A new strategy to prevent toxic blue-green algal blooms is brewing at a Maryland lab where scientists are experimenting with spent grain, used and discarded as part of the beer-making process.
In years past, researchers at the University of Maryland Center for Environmental Science have used barley to prevent harmful algal blooms in the freshwater Lake Williston on the Eastern Shore.
Researcher Allen Place said they put barley straw in the lake’s tributaries. Over a period of months the barley rots, and as water trickles down to replenish the lake, it moves through the rotting bales, which release compounds that prevent blue-green algae from forming.
Taylor Armstrong, a doctoral student in Allen’s lab, has found a source that can add those same compounds to the tributary without waiting months for barley to rot. Beer, or more specifically the spent grain left over after the fermentation process in brewing.
“It’s full of compounds that inhibit algae,” Armstrong said.
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There are saltwater algal blooms, like red tides. But recently the freshwater-dwelling cyanobacteria, also known as blue-green algae, have been in the news after three dogs died after swimming in a North Carolina lake. In Anne Arundel County, the health department issued an advisory in July saying the toxic algae has been found in Lake Waterford in Pasadena.
Anne Arundel County’s Acting Director of Environmental Health Don Kurtian said the algae was still present when they last tested Aug. 6. He said this year is the first time the algae has appeared in Lake Waterford, and it was possibly accelerated by a hot spell in July.
Although, the strategy the scientists are testing wouldn’t help Lake Waterford because it’s preventative and the bloom has already begun.
The spent grain can be put in the water and immediately release those algae-inhibiting compounds, and Allen and Armstrong are hoping they could even make an extract from the spent grain to add to bodies of water.
Their findings are still preliminary, Allen said. They haven’t tried putting down spent grain in a tributary yet, but experiments in a laboratory have been promising. Armstrong is at the start of her career as a doctoral student, and wants to write her dissertation on natural ways to kill and prevent algae.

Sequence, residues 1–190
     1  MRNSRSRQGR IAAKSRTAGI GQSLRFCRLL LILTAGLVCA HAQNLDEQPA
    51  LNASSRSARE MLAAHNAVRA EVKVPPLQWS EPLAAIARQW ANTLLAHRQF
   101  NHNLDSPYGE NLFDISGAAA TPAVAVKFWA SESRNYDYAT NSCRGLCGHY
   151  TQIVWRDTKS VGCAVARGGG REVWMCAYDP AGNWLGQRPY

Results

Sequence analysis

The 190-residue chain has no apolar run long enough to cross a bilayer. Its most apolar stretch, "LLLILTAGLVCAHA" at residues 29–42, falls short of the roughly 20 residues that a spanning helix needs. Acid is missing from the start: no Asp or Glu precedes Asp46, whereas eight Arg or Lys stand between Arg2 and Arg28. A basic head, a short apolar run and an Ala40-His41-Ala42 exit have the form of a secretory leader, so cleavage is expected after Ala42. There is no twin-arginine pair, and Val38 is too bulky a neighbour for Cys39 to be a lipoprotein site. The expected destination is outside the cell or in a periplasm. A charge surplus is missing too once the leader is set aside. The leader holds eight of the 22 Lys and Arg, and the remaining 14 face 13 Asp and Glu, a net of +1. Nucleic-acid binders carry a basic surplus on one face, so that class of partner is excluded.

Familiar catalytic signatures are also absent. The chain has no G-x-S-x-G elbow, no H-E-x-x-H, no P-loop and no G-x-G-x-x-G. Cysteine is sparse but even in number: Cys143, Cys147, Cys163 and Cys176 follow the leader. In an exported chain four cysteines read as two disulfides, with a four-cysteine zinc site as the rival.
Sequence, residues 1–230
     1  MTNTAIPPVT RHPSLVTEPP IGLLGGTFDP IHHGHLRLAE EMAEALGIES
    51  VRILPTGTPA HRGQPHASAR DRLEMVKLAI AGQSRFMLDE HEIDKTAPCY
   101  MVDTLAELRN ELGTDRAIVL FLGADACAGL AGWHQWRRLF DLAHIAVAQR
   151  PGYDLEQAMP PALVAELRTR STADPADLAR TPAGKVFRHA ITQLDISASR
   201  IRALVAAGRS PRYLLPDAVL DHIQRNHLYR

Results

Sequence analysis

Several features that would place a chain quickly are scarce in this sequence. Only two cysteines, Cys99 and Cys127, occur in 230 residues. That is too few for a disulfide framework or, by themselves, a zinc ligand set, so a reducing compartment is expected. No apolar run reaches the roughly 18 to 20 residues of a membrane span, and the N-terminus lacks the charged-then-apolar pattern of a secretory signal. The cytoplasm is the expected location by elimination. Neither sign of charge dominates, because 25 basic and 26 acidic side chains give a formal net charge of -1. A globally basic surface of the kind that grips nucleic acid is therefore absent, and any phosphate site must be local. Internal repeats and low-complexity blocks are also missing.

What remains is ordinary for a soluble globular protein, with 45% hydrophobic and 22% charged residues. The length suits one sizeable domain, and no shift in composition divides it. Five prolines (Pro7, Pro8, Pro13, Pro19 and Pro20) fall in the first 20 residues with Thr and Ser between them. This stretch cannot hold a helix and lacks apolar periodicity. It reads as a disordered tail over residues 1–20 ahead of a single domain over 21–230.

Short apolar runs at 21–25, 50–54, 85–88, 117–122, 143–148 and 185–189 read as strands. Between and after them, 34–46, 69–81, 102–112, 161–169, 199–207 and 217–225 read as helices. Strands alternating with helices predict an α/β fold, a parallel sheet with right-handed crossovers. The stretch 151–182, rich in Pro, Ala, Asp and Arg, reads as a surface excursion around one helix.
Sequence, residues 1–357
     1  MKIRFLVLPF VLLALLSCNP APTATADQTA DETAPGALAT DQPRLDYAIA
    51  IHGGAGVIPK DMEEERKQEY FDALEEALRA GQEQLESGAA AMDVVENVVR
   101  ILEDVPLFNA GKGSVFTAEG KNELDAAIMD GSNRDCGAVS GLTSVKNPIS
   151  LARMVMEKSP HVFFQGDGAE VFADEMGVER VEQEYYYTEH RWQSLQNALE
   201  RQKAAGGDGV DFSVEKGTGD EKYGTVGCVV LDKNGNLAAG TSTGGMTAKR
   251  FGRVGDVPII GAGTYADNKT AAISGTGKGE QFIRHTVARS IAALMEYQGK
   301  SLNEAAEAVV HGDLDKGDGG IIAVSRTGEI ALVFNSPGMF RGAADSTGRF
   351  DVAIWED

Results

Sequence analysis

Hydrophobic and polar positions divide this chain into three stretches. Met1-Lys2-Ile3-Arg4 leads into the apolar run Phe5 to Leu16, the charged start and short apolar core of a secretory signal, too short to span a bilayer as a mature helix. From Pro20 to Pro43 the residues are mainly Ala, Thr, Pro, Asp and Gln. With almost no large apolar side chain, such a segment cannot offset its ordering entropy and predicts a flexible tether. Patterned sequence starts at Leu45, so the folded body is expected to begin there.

“She has shown that there is material in spent grain, in the lab, that inhibits the growth of this toxic algae,” Allen said.
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The grain she used in the lab was used to make pilsner at Diamondback Brewing Company in Baltimore, Armstrong said.
Spent grain is an easily accessible resource that could use a second home — 85% of the by-product left over from beer production is spent grain, Armstrong said.
While these fixes can prevent blue-green algae, safeguarding curious dogs and drinking water sources, they’re just fighting symptoms, not the disease, Allen and Armstrong said.
They need to stop the flow of nutrients into the water, from sources like sewer overflows, agriculture and lawn fertilizer, UMCES researcher Pat Glibert said. Toxic algal blooms are happening more often and in more parts of the globe. It’s not just how many inches it is raining in a year, she said, but how intense the storms are.
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There is more nutrient runoff during heavy rain storms than a gentle rain, she said, and the frequency of such events is expected to increase.
“Unless we begin to put ourselves on a nutrient diet as a planet, we are going to see more of these events more often,” Glibert said.
Glibert is developing computer models that will predict when and where harmful algae blooms occur, how climate change will affect them in the future and how nutrient reduction strategies could help.
She said it is very important for the public to heed warnings posted at contaminated lakes.
Allen said it’s a good rule for you and your dog to stay out of green water. Armstrong said if you see a bloom you should report it, which you can do online on the Department of Natural Resource’s Eyes on the Bay website. Officials can test the bloom to determine if it is toxic or not, she said.